An illegal demolition at the former St. John the Baptist church at 60 Hertel Avenue in Buffalo's Black Rock neighborhood has been uncovered. The church is one of four masterpieces designed by the firm of Oakley and Schallmo in the 1920's. St. John, in a group with Blessed Trinity, St. Luke, and St. Casimir, displays the highest level of craftsmanship in brick architecture in the city. Shortly after 7:00pm on Tuesday October 6, Campaign for Greater Buffalo Executive Director Tim Tielman was driving by on Hertel Avenue and noticed a rental lift on the lawn next to the church. Not recalling any action before the city's Preservation Board, Tielman stopped to investigate and discovered that the church's emblematic Italian Renaissance tower, along the East Street side of the building, was being demolished.
The tower was designed as a three-stepped structure terminating in an arcaded octagonal lantern with a tiled roof. Atop all was a cross. Below, the tower is supported by a square shaft with a monumental battered base. Architecturally, the tower forms a necessary counter balance to the extravagantly ornamented elevation, which features a heroic rose window over a Spanish Baroque portal. The east wall of the nave is held in place by a range of massive buttresses, of which the tower can be said to be the largest, as it supports the entire church by means of lateral bridging which is almost as stout as the tower itself.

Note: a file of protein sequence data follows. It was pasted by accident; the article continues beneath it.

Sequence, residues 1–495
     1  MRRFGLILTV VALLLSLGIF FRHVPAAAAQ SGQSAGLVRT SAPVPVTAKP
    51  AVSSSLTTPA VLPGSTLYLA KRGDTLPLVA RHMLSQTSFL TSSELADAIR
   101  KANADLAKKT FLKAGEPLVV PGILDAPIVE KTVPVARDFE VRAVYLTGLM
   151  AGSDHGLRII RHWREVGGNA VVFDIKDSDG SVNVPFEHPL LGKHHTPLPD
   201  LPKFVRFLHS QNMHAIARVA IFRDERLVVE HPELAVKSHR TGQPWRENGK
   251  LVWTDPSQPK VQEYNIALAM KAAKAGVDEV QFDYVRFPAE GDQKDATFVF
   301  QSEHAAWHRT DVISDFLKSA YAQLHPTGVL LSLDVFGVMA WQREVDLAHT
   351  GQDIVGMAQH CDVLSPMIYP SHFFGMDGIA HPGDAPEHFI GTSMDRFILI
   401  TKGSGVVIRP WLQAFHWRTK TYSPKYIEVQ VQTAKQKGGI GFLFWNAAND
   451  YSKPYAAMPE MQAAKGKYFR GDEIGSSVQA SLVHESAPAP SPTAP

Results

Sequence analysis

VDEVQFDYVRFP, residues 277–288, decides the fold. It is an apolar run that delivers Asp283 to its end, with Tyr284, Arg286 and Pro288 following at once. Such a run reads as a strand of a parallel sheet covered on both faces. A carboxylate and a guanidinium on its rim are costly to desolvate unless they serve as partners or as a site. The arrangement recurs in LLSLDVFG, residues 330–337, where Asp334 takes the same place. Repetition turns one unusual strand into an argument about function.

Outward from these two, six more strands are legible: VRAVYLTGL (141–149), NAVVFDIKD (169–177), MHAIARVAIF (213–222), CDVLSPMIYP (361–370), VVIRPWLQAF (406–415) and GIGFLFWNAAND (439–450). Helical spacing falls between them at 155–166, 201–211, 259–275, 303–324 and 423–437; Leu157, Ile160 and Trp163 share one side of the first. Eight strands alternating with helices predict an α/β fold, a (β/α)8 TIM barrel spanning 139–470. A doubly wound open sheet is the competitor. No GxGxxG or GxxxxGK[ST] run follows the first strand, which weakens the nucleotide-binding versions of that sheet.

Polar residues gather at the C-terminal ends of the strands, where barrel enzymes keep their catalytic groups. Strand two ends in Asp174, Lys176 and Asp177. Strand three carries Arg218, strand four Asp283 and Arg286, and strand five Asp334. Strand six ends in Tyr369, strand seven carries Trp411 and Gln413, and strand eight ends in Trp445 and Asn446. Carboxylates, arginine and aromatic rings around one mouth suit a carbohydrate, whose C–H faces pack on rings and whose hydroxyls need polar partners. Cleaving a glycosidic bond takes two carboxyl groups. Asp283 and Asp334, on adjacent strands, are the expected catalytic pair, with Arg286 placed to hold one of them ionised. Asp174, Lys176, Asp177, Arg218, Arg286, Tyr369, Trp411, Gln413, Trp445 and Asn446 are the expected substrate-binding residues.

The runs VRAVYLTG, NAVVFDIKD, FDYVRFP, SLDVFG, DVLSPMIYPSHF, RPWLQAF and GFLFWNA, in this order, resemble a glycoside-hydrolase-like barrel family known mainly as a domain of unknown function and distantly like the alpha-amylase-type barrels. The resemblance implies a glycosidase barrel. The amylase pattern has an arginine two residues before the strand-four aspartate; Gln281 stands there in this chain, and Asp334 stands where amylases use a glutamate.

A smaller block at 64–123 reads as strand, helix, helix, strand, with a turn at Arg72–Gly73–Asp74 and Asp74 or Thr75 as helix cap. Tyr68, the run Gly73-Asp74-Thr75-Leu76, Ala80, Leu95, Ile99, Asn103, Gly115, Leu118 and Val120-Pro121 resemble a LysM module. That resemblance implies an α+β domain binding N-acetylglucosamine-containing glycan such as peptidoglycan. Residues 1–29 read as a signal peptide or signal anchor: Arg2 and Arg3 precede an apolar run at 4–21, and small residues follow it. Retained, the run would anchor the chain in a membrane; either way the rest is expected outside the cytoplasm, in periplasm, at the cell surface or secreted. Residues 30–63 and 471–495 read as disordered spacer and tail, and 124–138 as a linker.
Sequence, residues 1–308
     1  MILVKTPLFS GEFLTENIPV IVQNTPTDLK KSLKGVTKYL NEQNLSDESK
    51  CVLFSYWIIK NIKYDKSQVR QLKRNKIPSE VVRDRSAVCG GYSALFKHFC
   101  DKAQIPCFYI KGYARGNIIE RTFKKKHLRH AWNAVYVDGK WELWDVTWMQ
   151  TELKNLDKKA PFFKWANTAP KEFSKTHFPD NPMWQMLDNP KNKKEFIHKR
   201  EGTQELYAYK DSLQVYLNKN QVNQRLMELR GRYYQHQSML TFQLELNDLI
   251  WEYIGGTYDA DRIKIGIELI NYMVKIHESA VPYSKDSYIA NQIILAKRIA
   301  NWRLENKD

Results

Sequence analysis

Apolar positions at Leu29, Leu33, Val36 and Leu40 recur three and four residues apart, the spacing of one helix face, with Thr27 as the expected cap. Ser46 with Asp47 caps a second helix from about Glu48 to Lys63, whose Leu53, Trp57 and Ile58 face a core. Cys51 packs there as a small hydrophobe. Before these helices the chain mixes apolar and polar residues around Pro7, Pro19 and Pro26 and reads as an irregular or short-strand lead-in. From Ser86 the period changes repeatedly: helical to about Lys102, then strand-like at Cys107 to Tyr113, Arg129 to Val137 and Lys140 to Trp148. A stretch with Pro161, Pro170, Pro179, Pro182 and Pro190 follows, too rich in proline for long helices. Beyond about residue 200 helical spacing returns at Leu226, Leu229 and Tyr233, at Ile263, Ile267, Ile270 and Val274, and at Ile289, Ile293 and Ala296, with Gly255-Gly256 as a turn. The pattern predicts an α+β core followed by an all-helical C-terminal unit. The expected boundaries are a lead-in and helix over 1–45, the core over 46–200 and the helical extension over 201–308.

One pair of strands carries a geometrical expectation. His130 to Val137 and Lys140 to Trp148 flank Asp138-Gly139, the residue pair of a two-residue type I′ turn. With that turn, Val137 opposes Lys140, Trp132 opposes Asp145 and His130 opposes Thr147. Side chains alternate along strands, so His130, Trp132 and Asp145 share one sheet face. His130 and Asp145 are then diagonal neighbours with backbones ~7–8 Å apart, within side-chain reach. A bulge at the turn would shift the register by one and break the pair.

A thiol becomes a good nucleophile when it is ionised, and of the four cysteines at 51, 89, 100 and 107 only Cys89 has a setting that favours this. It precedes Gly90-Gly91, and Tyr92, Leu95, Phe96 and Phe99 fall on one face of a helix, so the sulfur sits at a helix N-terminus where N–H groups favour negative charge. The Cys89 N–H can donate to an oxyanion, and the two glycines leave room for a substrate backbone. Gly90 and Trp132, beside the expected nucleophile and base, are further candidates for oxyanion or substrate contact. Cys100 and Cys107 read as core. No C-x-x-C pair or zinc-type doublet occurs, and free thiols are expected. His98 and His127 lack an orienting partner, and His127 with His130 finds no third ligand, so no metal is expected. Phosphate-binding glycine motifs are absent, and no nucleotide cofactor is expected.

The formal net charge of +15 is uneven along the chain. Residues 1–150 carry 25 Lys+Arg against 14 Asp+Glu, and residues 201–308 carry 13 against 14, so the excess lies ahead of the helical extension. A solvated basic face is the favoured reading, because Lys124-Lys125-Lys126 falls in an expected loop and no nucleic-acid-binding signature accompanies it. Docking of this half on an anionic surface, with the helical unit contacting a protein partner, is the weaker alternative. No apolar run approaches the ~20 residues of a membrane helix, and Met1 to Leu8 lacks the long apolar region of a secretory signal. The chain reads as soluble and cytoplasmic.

It is this tower which is in a state of demolition. The uppermost lantern and cross are gone, and the lower octagon is partially gone. Wood and wire bracing wraps the tower, allowing for what appears to be demolition by hand. A pile of bricks lies at the base of the tower, and a large dumpster contains what appears to be the rest of the bricks of the demolished tower. A smaller dump-trailer contains interior demolition debris.
The last Catholic service was held in the church in 2005. Since then, a succession of entities owned it. Records show the the current owners are River Rock Church LLC and the Buffalo Myanmar Indigenous Christian Fellowship.
Tielman called Buffalo Commissioner of Inspections and Permits Jim Comerford immediately, looking for a stop-work order. Comerford reported that no permits had been issued for the work, and that he would send an inspector and the police in the morning. The Campaign will be there as well, bright and early.